Another profound change is the quick access the Internet gives people to information about government, politics, and issues that had previously been unavailable, or hard to find, for most of them.
EnviroLink, for example, is a Web site devoted to environmental issues. Community organizations can get specific facts from this site about such concerns as greenhouse gas emissions, hazardous waste, or toxic chemicals. In the past, these groups might have been limited to talking about these issues only in general terms. Now, EnviroLink makes detailed resource materials instantly available. The site provides access to educational resources, government agencies, and environmental organizations and publications, all listed by topic of interest. EnviroLink also offers information and advice on how to take direct action by providing names and e-mail addresses of persons to contact about specific environmental concerns, and it includes "chat rooms" where users can engage in discussions and share ideas.
Activists at the local level are finding the Internet to be particularly helpful. These are the people who get involved in politics as a way to improve conditions in their own neighborhoods and communities. They organize block cleanups, trash recycling efforts, crime watch groups, and adult literacy programs. "Their aim is not merely to perform community service," says Ed Schwartz, "although that's part of it. They simply believe that healthy communities are possible only when residents make a personal commitment to contribute to their well-being."
One example of the way these people are using the Internet is Neighborhoods Online, a Web site set up by Schwartz to promote neighborhood activism throughout the United States. Hundreds of people visit the site every day, including organizers, staff members of nonprofit organizations, elected officials, journalists, college faculty and students, and ordinary citizens looking for new ways to solve neighborhood problems.
"From a modest beginning," says Schwartz, "we've reached the point where virtually every community development corporation, neighborhood advisory committee, adult literacy program, job training agency, and human service provider is either already online or trying to figure out how to get there."
PRIVATE INTEREST GROUPS
The groups discussed above and others like them are called public interest groups, in that they seek a collective good, the achievement of which will not necessarily benefit their own membership. This does not mean that such groups are correct in the positions they take, only that the element of profitable or selective self-interest is low.
Private interest groups, on the other hand, usually have an economic stake in the policies they advocate. Business organizations will favor low corporate taxes and restrictions of the right to strike, whereas labor unions will support minimum wage legislation and protection for collective bargaining. Other private interest groups — such as churches and ethnic groups — are more concerned about broader issues of policy that can affect their organizations or their beliefs.
One type of private interest group that has grown in number and influence in recent years is the political action committee, or PAC. These are independent groups, organized around a single issue or set of issues, that contribute money to political campaigns for Congress or the presidency. PACs are limited in the amounts they can contribute directly to candidates in federal elections. There are no restrictions, however, on the amounts PACs can spend independently to advocate a point of view or to urge the election of candidates to office. PACs today number in the thousands.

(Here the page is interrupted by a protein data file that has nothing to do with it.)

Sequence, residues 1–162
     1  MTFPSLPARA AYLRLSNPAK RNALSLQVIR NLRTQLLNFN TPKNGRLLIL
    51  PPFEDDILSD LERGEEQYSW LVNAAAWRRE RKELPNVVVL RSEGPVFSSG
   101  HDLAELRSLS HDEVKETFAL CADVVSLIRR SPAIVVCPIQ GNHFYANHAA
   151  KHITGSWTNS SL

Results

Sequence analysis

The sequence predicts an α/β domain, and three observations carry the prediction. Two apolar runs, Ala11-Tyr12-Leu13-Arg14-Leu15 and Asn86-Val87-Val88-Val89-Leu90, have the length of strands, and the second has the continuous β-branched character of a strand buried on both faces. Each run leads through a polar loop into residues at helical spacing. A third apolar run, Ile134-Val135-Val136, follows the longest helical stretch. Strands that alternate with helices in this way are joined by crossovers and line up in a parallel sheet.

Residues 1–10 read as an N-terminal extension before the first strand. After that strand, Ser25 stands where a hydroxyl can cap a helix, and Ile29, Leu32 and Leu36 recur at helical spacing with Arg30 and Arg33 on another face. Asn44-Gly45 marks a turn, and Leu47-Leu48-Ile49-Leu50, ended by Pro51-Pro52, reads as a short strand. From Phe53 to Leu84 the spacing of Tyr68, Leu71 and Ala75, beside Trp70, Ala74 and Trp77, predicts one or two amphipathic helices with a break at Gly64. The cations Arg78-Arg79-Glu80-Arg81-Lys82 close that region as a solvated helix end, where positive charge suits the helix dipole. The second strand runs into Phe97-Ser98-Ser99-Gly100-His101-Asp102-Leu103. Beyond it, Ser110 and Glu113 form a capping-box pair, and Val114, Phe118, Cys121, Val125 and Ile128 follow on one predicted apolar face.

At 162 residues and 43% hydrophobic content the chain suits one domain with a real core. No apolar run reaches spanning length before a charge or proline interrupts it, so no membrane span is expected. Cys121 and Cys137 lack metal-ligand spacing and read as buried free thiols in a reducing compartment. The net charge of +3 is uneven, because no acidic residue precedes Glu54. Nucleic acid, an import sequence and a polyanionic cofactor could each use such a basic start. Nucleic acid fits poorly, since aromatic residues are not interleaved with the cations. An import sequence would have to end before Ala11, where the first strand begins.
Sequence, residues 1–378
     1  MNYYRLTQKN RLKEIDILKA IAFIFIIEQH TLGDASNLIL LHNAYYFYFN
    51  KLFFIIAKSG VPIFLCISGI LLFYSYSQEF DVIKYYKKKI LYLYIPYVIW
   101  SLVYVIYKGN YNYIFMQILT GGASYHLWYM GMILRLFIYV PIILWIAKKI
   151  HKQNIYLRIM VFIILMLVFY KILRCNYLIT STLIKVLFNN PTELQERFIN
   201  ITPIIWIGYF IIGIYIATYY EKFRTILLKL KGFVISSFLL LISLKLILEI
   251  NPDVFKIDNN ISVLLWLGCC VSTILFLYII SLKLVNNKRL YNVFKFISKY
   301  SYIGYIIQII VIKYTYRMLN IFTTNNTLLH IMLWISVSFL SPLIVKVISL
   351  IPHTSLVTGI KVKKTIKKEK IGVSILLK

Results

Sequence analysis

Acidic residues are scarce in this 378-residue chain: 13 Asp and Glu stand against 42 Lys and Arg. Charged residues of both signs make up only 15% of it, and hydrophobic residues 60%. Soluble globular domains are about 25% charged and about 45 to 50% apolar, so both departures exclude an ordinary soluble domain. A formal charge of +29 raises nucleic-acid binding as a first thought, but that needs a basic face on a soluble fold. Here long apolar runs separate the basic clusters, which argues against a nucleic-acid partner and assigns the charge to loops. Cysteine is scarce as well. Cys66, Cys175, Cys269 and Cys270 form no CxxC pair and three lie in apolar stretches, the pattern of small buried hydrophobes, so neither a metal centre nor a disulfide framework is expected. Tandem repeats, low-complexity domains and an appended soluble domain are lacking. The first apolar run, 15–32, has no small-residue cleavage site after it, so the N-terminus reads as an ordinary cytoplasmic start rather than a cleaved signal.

"The political parties are threatened as the number of interest groups has mushroomed, with more and more of them operating offices in Washington, D.C., and representing themselves directly to Congress and federal agencies," says Michael Schudson in his book The Good Citizen: A History of American Civic Life. "Many organizations that keep an eye on Washington seek financial and moral support from ordinary citizens. Since many of them focus on a narrow set of concerns or even on a single issue, and often a single issue of enormous emotional weight, they compete with the parties for citizens' dollars, time, and passion."
The amount of money spent by these "special interests" continues to grow, as campaigns become more and more expensive. Many Americans have the feeling that these wealthy interests — whether corporations or unions or PACs organized to promote a particular point of view — are so powerful that ordinary citizens can do little to counteract their influence.
But they can do something. They can inform themselves and then act on that information. Perhaps the quickest and most efficient way is by using the Internet to keep track of each of their elected officials. Within a matter of minutes, they can find out which "special interests" have given political contributions to an official and how that official has voted on recent pieces of legislation. These citizens can then use this information to make their opinions known.
A fact of political life is that thinking about issues, gathering information about them, and discussing them with friends and neighbors make no difference in how elected officials act — or, more important, vote. These officials care a great deal, though, about whether those who elected them are likely, or not likely, to elect them again. When letters, phone calls, faxes, and e-mail messages from constituents start to arrive, attention is paid. It is still the people, each one with a vote whenever he or she chooses to cast it, who have the ultimate power.
The road from 1787 and the drafting of the U.S. Constitution to the present has not been a straight one. Voters have been moved by passions and events first in one direction, then in another. But, at some point, they have always found a way to come back to rest near the center. Somewhere between the pragmatic and the ideal, between the local and the national, between the public and the private, between selfishness and altruism, between states' rights and the good of the nation as a whole, exists a common ground on which the people of the United States have, through the years, built a strong, prosperous, free country — a country that is flawed, granted, but always spurred on by the promise of better days to come.
You can read more regarding this subject on the following websites:
The Role of Citizens in Democracy | DemocracyWorks: A Blog